The Mitfords

The Mitfords

Letters Between Six Sisters

Book - 2007
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The great wits and beauties of their age, the Mitford sisters were immoderate in their passions for ideas and people, counting among their diverse friends Adolf Hitler and Queen Elizabeth II, Cecil Beaton and President Kennedy, Evelyn Waugh and Givenchy. As editor Charlotte Mosley notes, not since the Brontës have the members of a single family written so much about themselves, or have been so written about.

The Mitfords offers an unparalleled look at these privileged sisters: Nancy, the scalding wit who transformed her family life into bestselling novels; Pamela, who craved nothing more than a quiet country life; Diana, the fascist jailed with her husband, Oswald Mosley, during World War II; Unity, a suicide, torn by her worship of Hitler and her loyalty to home; Jessica, the runaway Communist and fighter for social change; and Deborah, the genial socialite who found herself Duchess of Devonshire.

Spanning the twentieth century, the magically vivid letters of the legendary Mitford sisters constitute not just a superb social and historical chronicle; they also provide an intimate portrait of the stormy but enduring relationships between six beautiful, gifted, and radically different women who wrote to one another to confide, commiserate, tease, rage, and gossip--and above all to amuse.

Publisher: New York : Harpercollins, 2007.
ISBN: 9780061373640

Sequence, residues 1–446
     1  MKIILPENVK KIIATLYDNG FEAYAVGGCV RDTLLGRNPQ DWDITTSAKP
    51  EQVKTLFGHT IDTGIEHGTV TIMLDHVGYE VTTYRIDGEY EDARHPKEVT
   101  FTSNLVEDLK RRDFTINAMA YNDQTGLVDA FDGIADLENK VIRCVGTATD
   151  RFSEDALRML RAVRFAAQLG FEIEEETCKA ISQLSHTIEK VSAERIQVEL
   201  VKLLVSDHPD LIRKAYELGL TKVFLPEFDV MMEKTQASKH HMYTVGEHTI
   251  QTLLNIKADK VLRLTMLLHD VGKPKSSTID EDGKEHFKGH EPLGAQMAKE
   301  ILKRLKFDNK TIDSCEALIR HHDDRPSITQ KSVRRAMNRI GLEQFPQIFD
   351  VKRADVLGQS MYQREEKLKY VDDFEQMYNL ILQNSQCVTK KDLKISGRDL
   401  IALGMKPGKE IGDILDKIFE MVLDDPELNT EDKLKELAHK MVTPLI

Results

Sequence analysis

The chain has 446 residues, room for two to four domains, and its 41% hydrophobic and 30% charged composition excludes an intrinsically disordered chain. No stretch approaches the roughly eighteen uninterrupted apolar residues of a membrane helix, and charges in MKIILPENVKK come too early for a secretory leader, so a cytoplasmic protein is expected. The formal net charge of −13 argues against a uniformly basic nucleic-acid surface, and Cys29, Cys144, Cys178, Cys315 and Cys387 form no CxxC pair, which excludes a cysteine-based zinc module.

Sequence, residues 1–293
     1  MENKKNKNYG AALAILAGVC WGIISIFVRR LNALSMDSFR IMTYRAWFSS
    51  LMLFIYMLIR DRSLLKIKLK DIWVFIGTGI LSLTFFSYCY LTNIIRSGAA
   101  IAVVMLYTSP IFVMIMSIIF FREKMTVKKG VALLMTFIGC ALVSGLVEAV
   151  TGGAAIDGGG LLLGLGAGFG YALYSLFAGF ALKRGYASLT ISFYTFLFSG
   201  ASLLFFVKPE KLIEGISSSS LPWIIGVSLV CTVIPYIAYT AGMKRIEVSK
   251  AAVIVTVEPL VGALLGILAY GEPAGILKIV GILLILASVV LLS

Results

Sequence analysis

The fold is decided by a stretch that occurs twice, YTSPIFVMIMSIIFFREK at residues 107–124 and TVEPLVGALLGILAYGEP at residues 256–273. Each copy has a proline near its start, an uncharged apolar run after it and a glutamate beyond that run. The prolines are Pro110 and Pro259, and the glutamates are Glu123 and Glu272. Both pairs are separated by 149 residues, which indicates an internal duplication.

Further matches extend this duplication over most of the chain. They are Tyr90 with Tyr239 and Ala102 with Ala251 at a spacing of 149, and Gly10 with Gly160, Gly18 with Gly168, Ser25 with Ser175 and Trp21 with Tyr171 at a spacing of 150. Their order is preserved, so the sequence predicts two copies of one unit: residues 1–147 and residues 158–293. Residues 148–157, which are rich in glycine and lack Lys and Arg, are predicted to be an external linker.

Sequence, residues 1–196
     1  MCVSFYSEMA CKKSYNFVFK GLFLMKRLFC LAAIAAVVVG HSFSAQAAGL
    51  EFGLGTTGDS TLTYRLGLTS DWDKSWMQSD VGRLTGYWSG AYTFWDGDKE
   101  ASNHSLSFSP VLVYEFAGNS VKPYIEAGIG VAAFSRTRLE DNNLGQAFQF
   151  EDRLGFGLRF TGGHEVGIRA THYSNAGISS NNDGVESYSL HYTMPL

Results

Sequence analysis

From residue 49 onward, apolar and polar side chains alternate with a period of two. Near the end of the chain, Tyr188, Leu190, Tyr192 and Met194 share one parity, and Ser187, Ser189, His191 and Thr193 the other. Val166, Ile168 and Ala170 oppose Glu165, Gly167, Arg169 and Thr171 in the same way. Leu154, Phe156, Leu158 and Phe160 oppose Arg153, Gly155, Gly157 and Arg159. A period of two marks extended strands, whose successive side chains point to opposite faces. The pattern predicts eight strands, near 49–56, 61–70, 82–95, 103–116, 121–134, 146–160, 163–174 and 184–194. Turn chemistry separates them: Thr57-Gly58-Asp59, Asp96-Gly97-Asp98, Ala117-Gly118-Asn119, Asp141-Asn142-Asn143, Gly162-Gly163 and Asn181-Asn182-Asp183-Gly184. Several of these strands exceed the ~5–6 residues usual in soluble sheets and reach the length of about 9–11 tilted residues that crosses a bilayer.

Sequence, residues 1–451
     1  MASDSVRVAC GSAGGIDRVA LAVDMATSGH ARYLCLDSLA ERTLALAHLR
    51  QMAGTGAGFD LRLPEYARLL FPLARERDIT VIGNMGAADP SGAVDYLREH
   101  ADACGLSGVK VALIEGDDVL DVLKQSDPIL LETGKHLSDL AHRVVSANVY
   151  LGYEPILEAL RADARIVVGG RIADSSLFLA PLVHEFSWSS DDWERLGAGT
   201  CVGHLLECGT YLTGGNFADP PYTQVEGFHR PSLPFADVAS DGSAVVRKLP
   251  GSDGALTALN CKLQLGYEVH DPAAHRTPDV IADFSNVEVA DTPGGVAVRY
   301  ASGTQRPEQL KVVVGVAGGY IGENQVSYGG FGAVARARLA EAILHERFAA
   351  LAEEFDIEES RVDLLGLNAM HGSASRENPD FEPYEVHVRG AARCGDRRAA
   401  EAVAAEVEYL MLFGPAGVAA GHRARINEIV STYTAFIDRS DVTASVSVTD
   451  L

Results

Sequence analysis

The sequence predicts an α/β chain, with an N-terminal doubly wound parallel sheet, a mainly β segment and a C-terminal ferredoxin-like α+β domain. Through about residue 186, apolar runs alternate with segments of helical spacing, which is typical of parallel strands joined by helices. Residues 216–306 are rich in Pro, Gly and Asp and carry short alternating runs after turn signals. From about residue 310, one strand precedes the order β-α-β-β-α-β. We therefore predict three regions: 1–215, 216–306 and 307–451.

Characteristics: xxi, 834 p., [36] p. of plates :,ill. ;,24 cm.
Additional Contributors: Mosley, Charlotte


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May 24, 2015

I have been fascinated by these sisters for years. I had read "The American Way of Death" by Jessica which was my first implication that the capitalists were not on our side. I believe that she helped us somewhat although it amuses me to see people paying for long, expensive obituaries in the newspaper. So what did we learn? Diana has been in my mind, always wondering just how nice was the jail that she and Mosely occupied during WWII? I just finished his son's "Time at War" which, once again made me realize that a good education stands one in good stead — even in wartime. Unity's miserable life and poor decisions make me shudder ,and now that Doorothy, the baby of the family, has died, I feel somewhat bereft. Although I personally do not know any Duchesses, she was the most "sensible" of the five women, and I have always been taught to be sensible. I have loved the two DVDs about Chatsworth and her huge part in creating this business. She pops up in many places, even in "Little Gloria, Happy at Last." (Familiar because Anderson Cooper is Gloria's son.) I am very much looking forward to reading this book. I love the positive comments on this page.

debwalker Jan 24, 2012

Fascinating lives of five aristocratic sisters who grew up in a country mansion in the Downton era.

lsims Nov 11, 2009

My best read of the year so far. The sister's lives are fascinating and the book is both a romp through history, and a reminder of the enduring bonds of family. Romance, rivalry, betrayal, and forgiveness - it's all here. I couldn't put it down.

Jun 09, 2008

I didn't want this book to end. it is an engrossing look at the lives of the (notorious? amazing?) Mitford sisters, but also gives a sweepinbg look at England throughout most of the 20th century, albeit from the perspective of members of the upper/upper-middle class. Plus, there's the frisson that always accompanies reading other people's mail (even though it's sanctioned!).

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